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A Q&A with Expert Bill Kloss

By | April 5, 2014
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A: Actually, much of that is romantic myth. He was supported by a very few patrons who seem to have bought much of the little art he produced. He was a very deliberate painter with a very complex painting method and meticulous technique. Then the French wars against Holland ruined the economy and his livelihood, and soon he was dead at forty-three. In the next century he was not very well known outside of Holland but not entirely forgotten at home and by the early 19th-century some important works were recognized as his. His paintings were admired abroad but under other artists' names. Art scholarship, in the modern sense, begins in the second half of the 19th-century, and it was a French writer who brought international attention to the name and art of Vermeer in the 1860s. In sum it is a story of a great painter of few works who died young in a time of trouble and whose work became confused with that of others. His "rediscovery" came at a time when 17th-century Dutch painting was regaining and even surpassing its former fame. The rarity of his paintings contributed, then and now, to Vermeer's new glory.

Q: As an art historian, which of the Dutch artists of the Golden Age do you most admire?

A : Rembrandt leads my list, which should come as no surprise. In a country of specialists in subject matter, he was a painter of most subjects from still life to landscape to portraiture to genre to religious and mythological stories. He excelled in all of them, through superior imagination, superb technique, and a deep empathy with the human condition. He was also the first and surely the greatest artist to produce a very large body of etchings. "Admire" is too pale a verb: love passionately comes closer.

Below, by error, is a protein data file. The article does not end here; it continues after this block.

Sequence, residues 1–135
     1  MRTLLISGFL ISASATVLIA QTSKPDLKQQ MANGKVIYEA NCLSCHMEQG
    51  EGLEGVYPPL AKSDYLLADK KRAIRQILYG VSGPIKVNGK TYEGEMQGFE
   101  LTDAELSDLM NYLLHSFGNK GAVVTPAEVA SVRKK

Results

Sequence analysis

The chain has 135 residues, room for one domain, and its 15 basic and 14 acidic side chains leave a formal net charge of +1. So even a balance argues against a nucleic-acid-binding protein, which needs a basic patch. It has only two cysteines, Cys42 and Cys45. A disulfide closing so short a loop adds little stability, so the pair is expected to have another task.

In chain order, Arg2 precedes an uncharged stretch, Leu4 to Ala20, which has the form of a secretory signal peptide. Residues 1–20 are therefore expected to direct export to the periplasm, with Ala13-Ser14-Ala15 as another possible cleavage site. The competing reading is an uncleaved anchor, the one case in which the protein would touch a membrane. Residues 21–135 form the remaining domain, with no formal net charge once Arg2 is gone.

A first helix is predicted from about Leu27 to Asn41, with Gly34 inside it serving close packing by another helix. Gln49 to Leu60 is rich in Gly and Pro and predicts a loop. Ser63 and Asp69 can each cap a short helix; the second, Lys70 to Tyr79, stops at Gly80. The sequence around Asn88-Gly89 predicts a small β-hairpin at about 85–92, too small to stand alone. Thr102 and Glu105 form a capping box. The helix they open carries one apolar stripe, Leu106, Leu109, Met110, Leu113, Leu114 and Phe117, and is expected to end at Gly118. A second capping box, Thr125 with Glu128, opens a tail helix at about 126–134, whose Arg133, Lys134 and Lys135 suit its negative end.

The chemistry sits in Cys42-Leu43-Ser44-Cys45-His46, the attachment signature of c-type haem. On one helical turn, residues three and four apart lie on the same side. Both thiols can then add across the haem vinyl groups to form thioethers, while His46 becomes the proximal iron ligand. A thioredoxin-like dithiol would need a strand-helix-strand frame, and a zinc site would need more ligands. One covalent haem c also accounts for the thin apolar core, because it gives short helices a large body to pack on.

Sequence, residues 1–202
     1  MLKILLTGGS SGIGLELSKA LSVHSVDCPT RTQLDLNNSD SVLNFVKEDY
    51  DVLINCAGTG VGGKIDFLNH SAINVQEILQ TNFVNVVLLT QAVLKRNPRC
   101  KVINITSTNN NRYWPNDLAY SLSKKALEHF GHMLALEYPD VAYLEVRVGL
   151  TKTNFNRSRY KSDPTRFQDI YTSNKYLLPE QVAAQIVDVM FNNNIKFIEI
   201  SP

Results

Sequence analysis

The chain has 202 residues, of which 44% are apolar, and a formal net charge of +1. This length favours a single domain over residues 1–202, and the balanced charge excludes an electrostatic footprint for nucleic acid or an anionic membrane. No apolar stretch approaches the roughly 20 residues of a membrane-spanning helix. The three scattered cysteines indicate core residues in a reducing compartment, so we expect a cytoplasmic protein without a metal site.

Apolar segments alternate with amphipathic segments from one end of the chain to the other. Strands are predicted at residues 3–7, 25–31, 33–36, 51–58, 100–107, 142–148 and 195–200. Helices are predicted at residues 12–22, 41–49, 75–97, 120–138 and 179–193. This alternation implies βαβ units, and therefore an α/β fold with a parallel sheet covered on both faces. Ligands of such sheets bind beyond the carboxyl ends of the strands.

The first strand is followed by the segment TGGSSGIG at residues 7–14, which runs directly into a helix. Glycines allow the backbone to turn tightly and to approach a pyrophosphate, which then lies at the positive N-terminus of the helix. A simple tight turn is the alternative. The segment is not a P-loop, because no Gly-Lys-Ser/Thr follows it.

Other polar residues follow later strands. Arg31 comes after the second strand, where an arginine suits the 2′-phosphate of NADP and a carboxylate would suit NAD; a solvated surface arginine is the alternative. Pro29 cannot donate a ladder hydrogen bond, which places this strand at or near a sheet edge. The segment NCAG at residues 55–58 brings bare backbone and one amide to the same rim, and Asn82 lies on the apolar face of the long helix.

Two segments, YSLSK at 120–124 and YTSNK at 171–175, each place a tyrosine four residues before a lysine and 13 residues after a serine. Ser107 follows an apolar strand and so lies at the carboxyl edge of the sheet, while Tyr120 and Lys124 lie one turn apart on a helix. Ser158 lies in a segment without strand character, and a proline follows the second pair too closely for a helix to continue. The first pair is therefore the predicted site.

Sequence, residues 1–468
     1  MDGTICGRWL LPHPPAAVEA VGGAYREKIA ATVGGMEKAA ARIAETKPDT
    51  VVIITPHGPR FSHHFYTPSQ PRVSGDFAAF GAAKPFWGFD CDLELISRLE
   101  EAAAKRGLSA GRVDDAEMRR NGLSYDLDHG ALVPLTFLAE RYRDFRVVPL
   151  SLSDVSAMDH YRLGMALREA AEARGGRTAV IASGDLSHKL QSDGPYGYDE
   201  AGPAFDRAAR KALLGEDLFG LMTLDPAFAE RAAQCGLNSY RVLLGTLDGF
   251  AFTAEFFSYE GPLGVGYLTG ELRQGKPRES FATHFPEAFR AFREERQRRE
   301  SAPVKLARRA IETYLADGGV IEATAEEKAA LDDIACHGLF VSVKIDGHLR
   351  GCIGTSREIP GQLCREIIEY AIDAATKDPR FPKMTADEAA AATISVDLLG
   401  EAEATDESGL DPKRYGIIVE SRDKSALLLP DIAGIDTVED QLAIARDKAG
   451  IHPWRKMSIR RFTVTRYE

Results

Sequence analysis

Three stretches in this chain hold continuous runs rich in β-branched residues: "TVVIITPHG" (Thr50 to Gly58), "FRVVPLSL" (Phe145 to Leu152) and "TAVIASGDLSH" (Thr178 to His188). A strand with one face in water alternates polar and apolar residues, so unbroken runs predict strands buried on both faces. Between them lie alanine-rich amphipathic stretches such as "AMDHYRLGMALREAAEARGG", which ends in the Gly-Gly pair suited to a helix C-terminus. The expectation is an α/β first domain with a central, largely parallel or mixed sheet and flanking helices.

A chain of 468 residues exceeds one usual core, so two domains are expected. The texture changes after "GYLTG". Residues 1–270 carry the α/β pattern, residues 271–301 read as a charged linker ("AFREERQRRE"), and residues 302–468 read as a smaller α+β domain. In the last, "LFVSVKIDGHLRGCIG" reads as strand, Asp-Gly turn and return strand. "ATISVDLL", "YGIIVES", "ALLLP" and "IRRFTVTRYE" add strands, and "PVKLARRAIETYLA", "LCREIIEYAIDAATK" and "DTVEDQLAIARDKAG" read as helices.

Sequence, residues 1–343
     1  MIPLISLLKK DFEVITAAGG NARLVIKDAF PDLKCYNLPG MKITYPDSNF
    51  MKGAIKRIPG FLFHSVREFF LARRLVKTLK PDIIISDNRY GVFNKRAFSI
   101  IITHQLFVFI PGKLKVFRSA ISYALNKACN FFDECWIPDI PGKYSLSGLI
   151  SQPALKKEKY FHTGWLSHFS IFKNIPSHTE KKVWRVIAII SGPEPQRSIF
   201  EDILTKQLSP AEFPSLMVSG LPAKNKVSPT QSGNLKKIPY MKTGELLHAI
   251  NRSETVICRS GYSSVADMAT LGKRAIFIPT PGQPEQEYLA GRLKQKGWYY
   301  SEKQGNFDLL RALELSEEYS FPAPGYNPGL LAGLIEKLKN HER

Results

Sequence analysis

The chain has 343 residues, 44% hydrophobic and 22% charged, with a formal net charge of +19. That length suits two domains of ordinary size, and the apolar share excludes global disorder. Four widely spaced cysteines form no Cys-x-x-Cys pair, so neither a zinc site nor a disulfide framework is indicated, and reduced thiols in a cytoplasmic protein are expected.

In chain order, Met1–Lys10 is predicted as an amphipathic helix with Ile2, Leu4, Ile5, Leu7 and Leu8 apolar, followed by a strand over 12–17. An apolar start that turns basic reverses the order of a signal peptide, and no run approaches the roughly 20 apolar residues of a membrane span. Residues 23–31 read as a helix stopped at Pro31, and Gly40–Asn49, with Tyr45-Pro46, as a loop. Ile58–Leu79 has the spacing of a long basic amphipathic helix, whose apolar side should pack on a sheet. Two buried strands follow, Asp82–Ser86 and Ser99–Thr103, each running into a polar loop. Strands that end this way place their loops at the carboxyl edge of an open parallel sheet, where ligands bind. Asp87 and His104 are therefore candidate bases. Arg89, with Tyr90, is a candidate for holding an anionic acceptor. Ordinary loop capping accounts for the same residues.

Vermeer must follow, though the comparison is meaningless because of the huge disparity in their total oeuvre. But he developed a mastery in emulating natural light with which he breathed life into a measured space of his own devising. He is mesmerizing.

Frans Hals is third. He painted portraits, almost nothing else, but he brought hundreds of his sitters to vivid life and he never repeated himself. And nobody has ever painted black with greater mastery.

The greatest landscape master was Jacob van Ruisdael who, although a specialist in that vast area, did not limit himself to any single type of landscape but tackled them all successfully.

Fortunately, there are dozens more Dutch artists who can take your breath away. And that leaves many dozens more to enjoy.

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Bill Kloss

Bill Kloss is an art historian who has led over 100 tours for Smithsonian Journeys and our travelers continually look to him for new insight into the world of American and European art. He has written and contributed to books on the fine art collections of the White House, the Department of State, the U.S. Senate, and the Smithsonian American Art Museum. Since 1990, he has served on the Committee for the Preservation of the White House, appointed by President George H. W. Bush and reappointed by President Bill Clinton and President George W. Bush. Bill earned his B.A. in English and his M.A. in art history from Oberlin College, and was a Teaching Fellow at the University of Michigan. After two years in Rome as a Fulbright Scholar, Bill taught at the University of Virginia before settling in Washington, D.C.

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